As an indie artist, it doesn’t hurt to do your research on particular projects. You should always keep an eye out for which shows are up and coming and currently in production and what the different studios are working on. Listen to their music. As the credits roll, find out information about the music and find the name of the music supervisor. And if you have music that is similar to what is being played on the show, pitch to that person. Don’t send a whole album, but send one or two of your best and most sync-able tracks and make sure you’re not wasting their time. You don’t want to send something that is completely not applicable to a music supervisor for a particular show. And make sure what you’re sending is the highest quality it can possibly be. Basically, it needs to be a commercial recording. Don’t send demos. They’ll listen to one note – if they listen to it at all – and then turn it off.

 

Musician Coaching:

As someone doing A&R for a publisher, you’re in a similar high-volume pitch setting. Are there any common mistakes you see in the approach?

 

HT:

Going back to what I just said, if you send too much material or send them material that doesn’t apply, it’s a turnoff. If I were an artist, I would be as specific as possible in the approach. Say, “Here are two tracks that would be great for this TV show and are similar to what you’ve been using.” The best way to do that is sending links or mp3s via email. I get a lot of submissions. We receive submissions from songwriter/artists all the time. The ones we listen to are the ones where the overall product is excellent. The songwriting and the quality of the recording have to be excellent. Also, an artist has to have something else going on, whether that be gigging, co-writes with someone that has an album placement, or working with a specific well-known producer. Someone who is really hustling is someone we look at. There’s an artist we’re looking at, and we’ve actually offered a deal to him. He came to us through that route. He emailed us, and his material was really good, but he’s also out there hustling. He’s working the clubs, gigging and trying to maximize exposure. That’s really important to us.

 

Musician Coaching:

The half-baked witticism I beat to death with artists is, “It’s no longer A&R – artists and repertoire; it’s more like mergers and acquisitions – M&A.” People are really looking to acquire startup companies that are showing signs of life. It seems to be easier to add fuel to an already burning fire than to light one from scratch.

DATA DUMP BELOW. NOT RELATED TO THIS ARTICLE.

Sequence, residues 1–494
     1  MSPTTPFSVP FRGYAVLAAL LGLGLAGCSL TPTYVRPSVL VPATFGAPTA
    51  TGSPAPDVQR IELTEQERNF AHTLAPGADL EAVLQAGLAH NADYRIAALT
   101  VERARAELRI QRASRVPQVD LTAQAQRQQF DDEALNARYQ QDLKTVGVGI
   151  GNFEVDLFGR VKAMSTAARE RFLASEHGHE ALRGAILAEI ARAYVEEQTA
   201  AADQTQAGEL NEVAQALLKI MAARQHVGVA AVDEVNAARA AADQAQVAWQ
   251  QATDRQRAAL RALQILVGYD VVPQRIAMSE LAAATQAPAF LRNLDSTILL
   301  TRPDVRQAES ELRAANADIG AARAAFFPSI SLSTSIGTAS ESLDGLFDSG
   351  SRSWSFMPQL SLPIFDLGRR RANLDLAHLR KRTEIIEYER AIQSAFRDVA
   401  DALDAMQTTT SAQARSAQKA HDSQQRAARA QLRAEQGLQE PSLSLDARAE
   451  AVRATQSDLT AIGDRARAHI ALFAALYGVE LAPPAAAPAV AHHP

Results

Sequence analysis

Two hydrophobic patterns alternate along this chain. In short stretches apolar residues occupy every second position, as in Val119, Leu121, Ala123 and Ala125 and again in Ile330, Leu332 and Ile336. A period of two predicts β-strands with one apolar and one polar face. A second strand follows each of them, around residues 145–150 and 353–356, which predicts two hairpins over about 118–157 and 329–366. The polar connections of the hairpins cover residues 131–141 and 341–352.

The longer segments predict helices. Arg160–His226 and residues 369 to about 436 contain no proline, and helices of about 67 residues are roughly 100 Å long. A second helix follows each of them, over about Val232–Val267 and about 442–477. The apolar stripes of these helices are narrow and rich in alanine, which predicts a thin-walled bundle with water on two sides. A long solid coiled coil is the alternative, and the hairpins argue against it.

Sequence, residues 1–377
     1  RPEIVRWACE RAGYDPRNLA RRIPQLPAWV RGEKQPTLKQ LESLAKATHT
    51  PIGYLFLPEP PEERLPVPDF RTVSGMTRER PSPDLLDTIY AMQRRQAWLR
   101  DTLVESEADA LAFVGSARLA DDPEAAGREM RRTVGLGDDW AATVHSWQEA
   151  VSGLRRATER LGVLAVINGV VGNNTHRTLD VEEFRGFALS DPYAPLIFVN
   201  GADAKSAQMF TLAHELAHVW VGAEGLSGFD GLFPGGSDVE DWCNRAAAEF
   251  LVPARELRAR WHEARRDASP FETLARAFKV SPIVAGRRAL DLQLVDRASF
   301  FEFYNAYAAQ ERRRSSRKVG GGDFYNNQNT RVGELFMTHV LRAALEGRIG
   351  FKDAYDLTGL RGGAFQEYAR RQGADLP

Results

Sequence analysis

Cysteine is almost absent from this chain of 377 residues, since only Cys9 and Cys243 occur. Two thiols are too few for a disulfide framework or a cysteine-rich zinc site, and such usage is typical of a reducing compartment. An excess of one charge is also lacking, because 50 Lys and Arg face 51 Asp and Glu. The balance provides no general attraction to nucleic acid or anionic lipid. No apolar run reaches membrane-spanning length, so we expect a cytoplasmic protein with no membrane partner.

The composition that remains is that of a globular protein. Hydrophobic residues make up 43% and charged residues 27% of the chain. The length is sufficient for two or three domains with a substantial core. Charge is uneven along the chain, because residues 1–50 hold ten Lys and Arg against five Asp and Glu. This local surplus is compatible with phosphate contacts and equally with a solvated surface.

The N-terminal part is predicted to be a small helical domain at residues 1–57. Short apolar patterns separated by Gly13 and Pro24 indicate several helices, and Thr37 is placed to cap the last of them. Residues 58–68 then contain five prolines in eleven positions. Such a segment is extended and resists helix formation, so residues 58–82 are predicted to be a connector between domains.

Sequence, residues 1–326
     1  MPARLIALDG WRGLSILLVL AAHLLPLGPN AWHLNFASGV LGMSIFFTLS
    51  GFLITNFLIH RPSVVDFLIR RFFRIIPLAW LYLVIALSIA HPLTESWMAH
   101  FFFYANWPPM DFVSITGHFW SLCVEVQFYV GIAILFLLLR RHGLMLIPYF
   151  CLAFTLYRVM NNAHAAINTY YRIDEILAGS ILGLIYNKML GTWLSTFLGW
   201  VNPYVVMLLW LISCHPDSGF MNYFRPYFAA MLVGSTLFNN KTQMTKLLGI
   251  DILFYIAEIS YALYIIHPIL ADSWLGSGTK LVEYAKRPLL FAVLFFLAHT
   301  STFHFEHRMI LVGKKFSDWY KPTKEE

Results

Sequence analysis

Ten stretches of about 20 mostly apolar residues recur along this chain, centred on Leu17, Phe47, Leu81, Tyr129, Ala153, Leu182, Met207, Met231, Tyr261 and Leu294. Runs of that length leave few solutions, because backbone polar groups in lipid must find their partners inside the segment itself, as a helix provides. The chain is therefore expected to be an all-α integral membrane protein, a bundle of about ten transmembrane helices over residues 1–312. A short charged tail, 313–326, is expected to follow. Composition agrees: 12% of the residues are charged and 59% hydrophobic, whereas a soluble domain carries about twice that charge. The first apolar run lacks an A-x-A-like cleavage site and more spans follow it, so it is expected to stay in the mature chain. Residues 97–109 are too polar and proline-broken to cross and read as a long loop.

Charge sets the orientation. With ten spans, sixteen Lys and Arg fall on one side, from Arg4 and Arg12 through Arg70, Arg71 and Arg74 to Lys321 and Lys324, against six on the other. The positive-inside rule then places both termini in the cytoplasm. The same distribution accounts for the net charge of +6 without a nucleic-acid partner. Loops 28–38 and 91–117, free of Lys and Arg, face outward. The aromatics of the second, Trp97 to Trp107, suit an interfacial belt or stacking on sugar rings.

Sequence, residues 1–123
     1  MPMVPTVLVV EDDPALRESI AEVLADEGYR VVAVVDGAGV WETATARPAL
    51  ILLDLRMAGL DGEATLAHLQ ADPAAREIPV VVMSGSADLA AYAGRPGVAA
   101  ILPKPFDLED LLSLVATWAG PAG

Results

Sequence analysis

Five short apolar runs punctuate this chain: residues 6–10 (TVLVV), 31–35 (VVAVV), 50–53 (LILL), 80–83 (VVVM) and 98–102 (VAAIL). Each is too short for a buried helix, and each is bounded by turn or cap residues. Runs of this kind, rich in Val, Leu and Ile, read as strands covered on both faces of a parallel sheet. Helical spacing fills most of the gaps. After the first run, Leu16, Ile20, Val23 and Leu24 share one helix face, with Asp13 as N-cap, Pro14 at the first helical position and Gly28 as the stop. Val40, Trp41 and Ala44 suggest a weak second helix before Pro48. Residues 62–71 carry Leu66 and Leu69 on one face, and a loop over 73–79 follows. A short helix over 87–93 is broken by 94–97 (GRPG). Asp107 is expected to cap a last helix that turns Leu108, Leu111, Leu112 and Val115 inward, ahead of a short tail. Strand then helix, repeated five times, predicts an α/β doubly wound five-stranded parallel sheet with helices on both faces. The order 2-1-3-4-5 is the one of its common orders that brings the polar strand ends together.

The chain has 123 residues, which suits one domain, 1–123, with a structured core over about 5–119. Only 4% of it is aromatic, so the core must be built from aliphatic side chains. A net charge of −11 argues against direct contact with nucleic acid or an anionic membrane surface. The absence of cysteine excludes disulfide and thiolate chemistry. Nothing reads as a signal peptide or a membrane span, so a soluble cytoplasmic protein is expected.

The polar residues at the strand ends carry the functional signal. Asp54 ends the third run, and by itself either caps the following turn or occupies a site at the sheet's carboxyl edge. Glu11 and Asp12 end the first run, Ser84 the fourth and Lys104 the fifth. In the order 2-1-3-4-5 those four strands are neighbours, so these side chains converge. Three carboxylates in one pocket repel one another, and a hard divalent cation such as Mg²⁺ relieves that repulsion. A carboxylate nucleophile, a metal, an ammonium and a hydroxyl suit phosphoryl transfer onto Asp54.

HT:

Definitely. Major labels don’t do A&R anymore. Artists are being developed on the indie front. Major labels are behemoths, and now they need a project that’s farther along. They don’t have the money or the resources to build up a new artist from scratch. They will come in and build up an artist after that artist has a buzz and there is some definite possibility there, because it’s not so much of a risk for them. We function the same way. There has to be something else going on.

 

Musician Coaching:

I think everyone is at the place where they can only care as much about an artist’s career as the artist does. Often that comes through in what they have done to grow their business.

 

HT:

It’s difficult for me to really push a song from a relatively unknown artist and someone I’m trying to break when they don’t have a label. And that has happened; on rare occasions we take unsigned bands and artist/songwriters. So many bands are breaking from exposure on television and in films. And in addition to the music being great, music supervisors are looking at the artist. They want to see that the artist is hustling and working and supporting their music. It makes a difference.

 

Musician Coaching:

I don’t want to put words in your mouth, but I’m guessing if you’re going to pick a song, you want to pick something that looks like it’s going to be a hit from other key performance indicators. You want to present something to your client or, in your case, your boss that is already showing signs that it will go that way.

 

HT:

Absolutely.

 

Musician Coaching:

You’ve been both a musician and a publisher. Do you have any general parting words of advice for artists and songwriters?

 

HT:

I would say that this is still a hustle business. A lot of luck is involved, but you have to keep working at it and honing your craft. Develop songwriter and producer partnerships. Broaden your contact base. Find a mentor relationship with someone that has experience placing tracks or getting cuts on albums. If you’re in New York City or L.A., go to industry meetings. You meet a lot of people and there is a lot of knowledge in rooms like that.

 

Also, as I said before, if you’re pitching your material to a publisher or a record label, it has to be of the highest quality. The lyrics, the hook, the music and the production all have to be first rate. And you really just have to keep at it. It’s hard work and a lot of luck.

 

Connections are also huge. Look for people to partner with that have been doing this longer than you and have some success – even if that success is pretty minute; because any success in this business is a big achievement.

 

To learn more about Heather Trussell and her companies, visit the Memory Lane Music website.